During a 30-plus-year career at Oregon State University, Tom Cook was doing more than running one of the country's top turfgrass programs. He also viewed his job as part-time matchmaker.
"Looking back now, it's pretty funny. I thought what I did was run a dating service, matching personalities with golf courses," said Cook. "You have to get to know the students and their style and match them with the right superintendents so they could progress in the industry."
Cook, 67, took over the Oregon State program in 1977 when he was just 27 years old. During the next 31 years, until he retired in 2008, more than 300 students went through the program that Cook ran mostly as a one-man show.
"I couldn't seem to accumulate enough funds to hire anyone until about six years before I retired," he said. "But I had lots of energy."
It wasn't until 2001, when he hired Brian McDonald as a research assistant that he had paid help.
"It was like the Great Pyramids: Nobody knows how he built it. Before I got there it was just him. What Tom managed to do by himself is a mystery," said McDonald, a former student under Cook who graduated from Oregon State in 2000 after a career as an accountant.
"The university never game him a dime more than his salary. When he started the turf farm, he was bringing his own lawn mower out there. That's how far it has come."
Of those 300 or so students, about 200 went into the golf business and 150 or so eventually became superintendents, Cook said.
His influence on the turf industry in the Pacific Northwest still reverberates today, said Tod Blankenship, CGCS, a former research assistant at OSU under Cook's successor, Rob Golembiewski, Ph.D.
"Tom is a legend here in the Northwest," said Blankenship, now a parks director for the city of Wilsonville, Oregon.
"You go to any golf course in the Northwest, and there's a pretty good chance that there's a Beaver running the show, or an assistant or someone in the ranks. It all starts with Tom. There really wasn't a program here before Tom."
Cook was unique among his peers across the country in that he never earned a doctorate degree, and thus never had a research appointment. That did nothing to diminish his work, or the effects of his extension work across the state. He spent about 75 percent of his time on the job teaching. He was the turfgrass extension agent for the entire state and still managed to do tons of research.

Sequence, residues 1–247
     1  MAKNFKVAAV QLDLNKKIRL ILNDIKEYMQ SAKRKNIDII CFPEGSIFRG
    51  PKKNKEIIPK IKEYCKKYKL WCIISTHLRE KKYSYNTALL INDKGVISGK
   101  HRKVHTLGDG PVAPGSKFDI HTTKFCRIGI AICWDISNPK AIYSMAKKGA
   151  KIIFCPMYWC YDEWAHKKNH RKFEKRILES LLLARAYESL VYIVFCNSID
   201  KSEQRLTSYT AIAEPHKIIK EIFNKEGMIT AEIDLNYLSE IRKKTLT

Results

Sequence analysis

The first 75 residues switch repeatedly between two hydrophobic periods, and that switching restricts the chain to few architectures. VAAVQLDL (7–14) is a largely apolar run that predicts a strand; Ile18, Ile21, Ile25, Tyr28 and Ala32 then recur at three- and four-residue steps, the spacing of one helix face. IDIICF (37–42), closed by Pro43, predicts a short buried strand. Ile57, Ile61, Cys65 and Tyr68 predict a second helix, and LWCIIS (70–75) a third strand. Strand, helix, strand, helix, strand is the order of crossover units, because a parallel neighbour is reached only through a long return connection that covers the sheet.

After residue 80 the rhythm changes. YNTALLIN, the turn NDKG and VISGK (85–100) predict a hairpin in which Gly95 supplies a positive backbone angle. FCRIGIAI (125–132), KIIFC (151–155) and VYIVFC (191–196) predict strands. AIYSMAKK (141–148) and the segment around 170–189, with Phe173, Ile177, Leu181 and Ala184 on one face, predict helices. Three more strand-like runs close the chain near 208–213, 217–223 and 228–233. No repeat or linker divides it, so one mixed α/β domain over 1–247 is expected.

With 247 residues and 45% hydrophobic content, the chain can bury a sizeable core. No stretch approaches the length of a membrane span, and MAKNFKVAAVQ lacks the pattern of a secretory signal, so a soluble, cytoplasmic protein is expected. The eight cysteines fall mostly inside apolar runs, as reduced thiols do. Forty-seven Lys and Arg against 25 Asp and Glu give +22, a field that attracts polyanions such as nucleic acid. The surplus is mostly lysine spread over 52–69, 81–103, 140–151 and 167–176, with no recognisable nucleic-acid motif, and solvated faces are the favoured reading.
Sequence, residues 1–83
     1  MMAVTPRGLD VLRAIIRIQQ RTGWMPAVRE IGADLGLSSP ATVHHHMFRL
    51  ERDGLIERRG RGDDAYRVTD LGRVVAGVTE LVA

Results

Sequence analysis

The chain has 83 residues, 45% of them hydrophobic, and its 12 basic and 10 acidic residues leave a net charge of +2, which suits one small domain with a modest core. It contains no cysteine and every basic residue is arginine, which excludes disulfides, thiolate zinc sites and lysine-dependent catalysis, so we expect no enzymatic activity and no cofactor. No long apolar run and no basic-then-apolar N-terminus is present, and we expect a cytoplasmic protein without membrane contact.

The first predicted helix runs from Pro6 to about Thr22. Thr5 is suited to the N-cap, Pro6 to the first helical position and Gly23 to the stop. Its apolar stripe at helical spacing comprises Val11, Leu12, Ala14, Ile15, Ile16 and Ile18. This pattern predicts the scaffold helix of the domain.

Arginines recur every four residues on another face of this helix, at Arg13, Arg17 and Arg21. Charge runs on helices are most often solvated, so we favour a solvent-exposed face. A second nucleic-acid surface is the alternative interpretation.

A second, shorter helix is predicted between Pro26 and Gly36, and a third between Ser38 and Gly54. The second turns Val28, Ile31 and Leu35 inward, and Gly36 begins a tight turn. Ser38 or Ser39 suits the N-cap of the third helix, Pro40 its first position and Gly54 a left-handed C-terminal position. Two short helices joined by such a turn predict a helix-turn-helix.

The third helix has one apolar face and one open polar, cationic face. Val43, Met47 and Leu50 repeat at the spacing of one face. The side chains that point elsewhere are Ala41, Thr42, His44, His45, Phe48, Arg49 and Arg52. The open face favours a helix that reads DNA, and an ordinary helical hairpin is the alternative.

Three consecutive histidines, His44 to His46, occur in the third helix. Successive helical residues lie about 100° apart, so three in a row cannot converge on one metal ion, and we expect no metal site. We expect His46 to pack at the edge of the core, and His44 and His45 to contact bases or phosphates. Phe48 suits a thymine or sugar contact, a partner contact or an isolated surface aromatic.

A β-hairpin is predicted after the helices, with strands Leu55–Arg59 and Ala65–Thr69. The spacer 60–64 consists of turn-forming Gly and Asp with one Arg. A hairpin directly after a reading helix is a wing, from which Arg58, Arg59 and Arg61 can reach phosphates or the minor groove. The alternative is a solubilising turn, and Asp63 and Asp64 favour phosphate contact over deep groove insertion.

"A lot of his stuff didn't get published, but he had so much research that he'd done over the years," Blankenship said. "I think that foundation alone, the amount of research that went on that no one knows about, it laid the way for what they're doing (at Oregon State) now."
"It all goes back to Tom. There really wasn't a program before Tom."
It was like the Great Pyramids: Nobody knows how he built it. . . . What Tom managed to do by himself is a mystery."
In the years since he left Oregon State, Cook has drifted away from golf somewhat and has developed a fondness for lawns and landscaping. He still lives in Corvallis with wife Marilyn in the house they've owned since 1984, where he has grown a yard that, as McDonald said, looks like it belongs on the cover of a magazine.
Shortly after he retired, Cook co-authored a book with Ann Marie VanDerZanden entitled Sustainable Landscape Management: Design, Construction and Maintenance (Wiley, 2010). Soon after, he went off the grid for a while, but has recently rekindled his interest in lawn and landscape management.
"I went into a fog for a while, but I'm kicking around an idea for another book," he said.
"Lawns are fascinating. They are a cornucopia of plants, and grass is only one of them."
Throughout the duration of his career, Cook encountered changes in management practices, seed varieties, equipment and chemistries used to manage turfgrass pests.
"Things are different here in the Northwest than everywhere else. People had to make their own knowledge base," he said. "To keep up, I read everything I could get my hands on. And we had a lot of projects going on at the farm.
"For me, another pipeline was my former students. I spent a lot of time visiting golf courses and talking to superintendents. I learned from them. They're pretty innovative and creative and they would share with me and I would learn from their successes, or failures."
Cook loved turf and he loved his students.
"His favorite thing to do is mow," McDonald said. "Ii remember when I got to Oregon State as a student and would volunteer at the farm, and he would come out every Friday afternoon and mow. I thought we were failing because he was out there mowing, but it was just his way of keeping in touch with the turf and his down time where he could look at the turf and be by himself."